A 14-year-old cleared of an armed robbery charge after a judge ruled police unlawfully arrested him, could walk free from another 23 charges due to a long wait for a psychological report.
The teen, who cannot be named, was cleared last month of an alleged armed robbery of a Whangārei store.
He denied that charge but not 22 earlier-laid ones including two for aggravated robberies at Auckland stores, two for burglary, 17 of unlawfully taking, getting into, or interfering with vehicles; reckless driving, and escaping custody.
In a separate fixture in the Youth Court at Whangārei last week, Youth Advocates Dave Sayes and Tracy Donald applied to have the raft of admitted charges and a denied charge, also dismissed.
Judge Greg Davis, who granted the last application and also heard this one, reserved his decision for release by July 22.
The last application was made under Section 214 of the Oranga Tamariki Act, which deals with the reasons police can arrest a young person without a warrant. This application was made under Section 322, which allows a judge to dismiss charges if satisfied the time between the date of the alleged offence and the hearing has been unnecessarily or unduly protracted.
Counsels pointed to the seven months it took to get a court-order psychological report for the youth.
The psychological report is one ordered by the court under Section 333 of the Oranga Tamariki Act 1989 to assist in determining a young person's fitness to stand trial, their mental state, the type and duration of any orders that should be imposed and any accompanying conditions.
Sayes said the delay in it being produced "held everyone hostage". Without it, underlying reasons for the teen's offending could not be identified and no plan could be formulated to address them. It affected the teen's family and put the public at risk of his further offending.
During the wait, the teen absconded from electronically-monitored bail twice and then absconded twice more from non-secure Oranga Tamariki facilities.
The delay breached principles of the Oranga Tamariki Act, which required these things to be done "promptly and in a time frame appropriate to the age and development of the child or young person".
Unfortunately, it had "become the norm'" in the Youth Court at Whangārei, Sayes said. He had been complaining about similar delays since 2019.
The delays would not be tolerated in the adult court jurisdiction where legislation provided strict timeframes for these types of reports, Sayes said.
No such timeframes existed in the Youth Court, but there was a memorandum of understanding between the Ministry of Justice and the Auckland District Health Board that he believed required the reports to be produced within 20 working days, Sayes said.
He also criticised Oranga Tamariki (OT), for twice failing to comply with his and other professionals' requests – including that of a judge – to remand the teen to secure facilities.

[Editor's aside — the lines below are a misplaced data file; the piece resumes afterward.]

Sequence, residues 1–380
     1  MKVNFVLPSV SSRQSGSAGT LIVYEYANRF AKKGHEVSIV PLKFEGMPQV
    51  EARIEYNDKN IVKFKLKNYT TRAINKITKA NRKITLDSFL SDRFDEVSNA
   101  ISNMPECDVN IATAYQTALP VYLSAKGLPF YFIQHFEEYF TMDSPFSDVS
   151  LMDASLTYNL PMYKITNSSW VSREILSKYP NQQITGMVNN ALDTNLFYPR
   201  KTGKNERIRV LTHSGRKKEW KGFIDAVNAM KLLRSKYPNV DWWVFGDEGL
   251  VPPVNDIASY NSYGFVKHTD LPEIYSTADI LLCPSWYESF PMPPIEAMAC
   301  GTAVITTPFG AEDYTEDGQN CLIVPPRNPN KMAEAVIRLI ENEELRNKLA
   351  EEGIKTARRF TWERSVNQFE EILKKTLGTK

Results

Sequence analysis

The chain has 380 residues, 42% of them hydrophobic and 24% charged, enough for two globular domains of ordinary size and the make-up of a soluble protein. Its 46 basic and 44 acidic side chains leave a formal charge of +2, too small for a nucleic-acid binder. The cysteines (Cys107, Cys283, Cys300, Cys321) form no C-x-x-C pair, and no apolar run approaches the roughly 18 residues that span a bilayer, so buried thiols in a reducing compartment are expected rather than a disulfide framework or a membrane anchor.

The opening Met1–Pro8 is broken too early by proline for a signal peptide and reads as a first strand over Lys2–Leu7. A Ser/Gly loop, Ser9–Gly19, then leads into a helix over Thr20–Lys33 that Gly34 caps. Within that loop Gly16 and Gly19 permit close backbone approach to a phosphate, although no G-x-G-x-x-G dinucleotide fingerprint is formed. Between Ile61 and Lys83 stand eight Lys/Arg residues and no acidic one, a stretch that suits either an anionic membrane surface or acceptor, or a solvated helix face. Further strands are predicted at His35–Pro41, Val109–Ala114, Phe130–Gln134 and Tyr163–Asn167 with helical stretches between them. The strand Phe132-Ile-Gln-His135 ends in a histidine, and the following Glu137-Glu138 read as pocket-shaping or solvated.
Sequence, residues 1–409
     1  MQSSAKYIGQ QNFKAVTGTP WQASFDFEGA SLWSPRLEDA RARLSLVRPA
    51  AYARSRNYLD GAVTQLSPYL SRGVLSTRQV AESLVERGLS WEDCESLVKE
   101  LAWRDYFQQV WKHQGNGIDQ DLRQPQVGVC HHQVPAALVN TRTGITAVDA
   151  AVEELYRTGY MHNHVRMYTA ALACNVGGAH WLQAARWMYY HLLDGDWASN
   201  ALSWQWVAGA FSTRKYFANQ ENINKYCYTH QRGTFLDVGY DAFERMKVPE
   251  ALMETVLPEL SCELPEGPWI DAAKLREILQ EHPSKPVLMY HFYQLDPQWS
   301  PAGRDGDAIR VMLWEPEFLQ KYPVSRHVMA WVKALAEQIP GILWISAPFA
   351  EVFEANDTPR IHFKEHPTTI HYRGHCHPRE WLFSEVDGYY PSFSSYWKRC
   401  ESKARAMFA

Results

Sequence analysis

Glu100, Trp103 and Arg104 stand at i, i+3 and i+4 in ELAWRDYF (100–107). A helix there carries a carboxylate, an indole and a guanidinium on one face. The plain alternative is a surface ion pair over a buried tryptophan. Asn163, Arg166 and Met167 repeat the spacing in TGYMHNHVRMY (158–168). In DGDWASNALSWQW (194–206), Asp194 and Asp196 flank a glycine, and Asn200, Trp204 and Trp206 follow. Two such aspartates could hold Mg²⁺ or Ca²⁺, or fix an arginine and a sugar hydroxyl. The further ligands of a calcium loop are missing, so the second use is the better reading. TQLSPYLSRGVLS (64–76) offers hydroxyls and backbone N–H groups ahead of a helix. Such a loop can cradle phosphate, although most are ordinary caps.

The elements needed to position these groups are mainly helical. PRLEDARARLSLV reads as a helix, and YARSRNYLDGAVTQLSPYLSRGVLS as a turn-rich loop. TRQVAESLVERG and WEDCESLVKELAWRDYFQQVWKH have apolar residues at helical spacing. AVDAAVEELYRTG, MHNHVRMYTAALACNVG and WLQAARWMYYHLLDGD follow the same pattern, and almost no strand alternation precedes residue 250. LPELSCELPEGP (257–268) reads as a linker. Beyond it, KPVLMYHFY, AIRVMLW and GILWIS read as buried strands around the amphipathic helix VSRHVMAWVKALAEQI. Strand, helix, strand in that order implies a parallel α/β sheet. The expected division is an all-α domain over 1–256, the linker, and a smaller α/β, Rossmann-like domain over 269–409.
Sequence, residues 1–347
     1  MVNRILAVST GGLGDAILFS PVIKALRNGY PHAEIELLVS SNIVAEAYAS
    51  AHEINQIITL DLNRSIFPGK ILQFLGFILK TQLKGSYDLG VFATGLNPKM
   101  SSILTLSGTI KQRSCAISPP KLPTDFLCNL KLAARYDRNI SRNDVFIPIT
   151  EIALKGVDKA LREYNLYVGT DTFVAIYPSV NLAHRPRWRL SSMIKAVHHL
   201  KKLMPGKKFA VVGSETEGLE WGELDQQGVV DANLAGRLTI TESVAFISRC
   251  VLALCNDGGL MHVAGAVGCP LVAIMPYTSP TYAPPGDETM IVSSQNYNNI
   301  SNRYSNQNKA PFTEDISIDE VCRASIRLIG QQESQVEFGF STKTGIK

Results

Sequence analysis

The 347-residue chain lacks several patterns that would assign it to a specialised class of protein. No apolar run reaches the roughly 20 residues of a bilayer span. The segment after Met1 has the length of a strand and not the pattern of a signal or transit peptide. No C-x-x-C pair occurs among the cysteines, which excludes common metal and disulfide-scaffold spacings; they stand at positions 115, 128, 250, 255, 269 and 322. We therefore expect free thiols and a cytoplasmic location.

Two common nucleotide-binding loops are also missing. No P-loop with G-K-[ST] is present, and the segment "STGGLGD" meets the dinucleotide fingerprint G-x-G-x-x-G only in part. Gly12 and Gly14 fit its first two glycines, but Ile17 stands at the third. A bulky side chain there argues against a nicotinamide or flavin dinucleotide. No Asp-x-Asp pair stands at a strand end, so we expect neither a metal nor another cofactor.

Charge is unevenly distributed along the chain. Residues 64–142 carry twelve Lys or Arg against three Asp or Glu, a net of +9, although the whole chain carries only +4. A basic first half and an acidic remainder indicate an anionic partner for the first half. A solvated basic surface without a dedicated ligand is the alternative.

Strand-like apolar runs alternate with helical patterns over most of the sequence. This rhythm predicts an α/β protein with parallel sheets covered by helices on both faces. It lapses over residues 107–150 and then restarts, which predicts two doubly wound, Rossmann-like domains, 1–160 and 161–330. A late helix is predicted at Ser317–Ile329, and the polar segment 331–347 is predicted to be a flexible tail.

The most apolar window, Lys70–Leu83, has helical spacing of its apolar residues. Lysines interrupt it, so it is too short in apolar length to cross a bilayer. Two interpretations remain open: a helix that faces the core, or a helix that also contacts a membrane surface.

Putting him in non-secure facilities enabled the teen to flee and clock up nine of the 23 charges – including the two aggravated robberies.
"On occasions when it comes to this sort of thing, they (OT) just seem to be nincompoops and I just shake my head. No one seems to learn from it. I didn't want him (the youth) out, I wanted him locked up," Sayes said.
Oranga Tamariki was not called to answer this criticism but the court was told secure facilities were normally reserved for older youths on more serious charges, such as rape, murder, and serious violence. It was also considered important to hold youth in facilities near their family.
The writer of the psychological report Dr Rebecca Wirihana gave evidence for the Crown.
Wirihana, a registered clinical psychologist since 2012 and employed by Northland District Health Board, said she was the only Section 333 report writer based in Northland. This was her fourth Section 333 report and she was working on two of the others at the same time.
She was not tasked with this report until December 1, last year – a month after the DHB received the court's request for it.
Further delays were caused by her need to take several weeks' sick leave due to Covid she caught from a patient, the teen's absconding, and difficulties accessing him in youth remand facilities, including one where there was a Covid lockdown.
Even without those difficulties, writing the report was a complex and time-consuming process, she said. It required numerous interviews with the teen's family members and staff at several schools he had attended. She also needed to obtain his medical records. She needed to order testing for a cognitive assessment.
The other Section 333 reports were similarly complicated, each taking three or four months.
Donald challenged those explanations saying the teen was on the run for 64 days but there were 147 days when he could have been contacted by the DHB.
Other interviews and requests for information could have been sooner. The DHB should have had a contingency plan or should have enacted it sooner, Donald said.
- by Sarah Curtis, Open Justice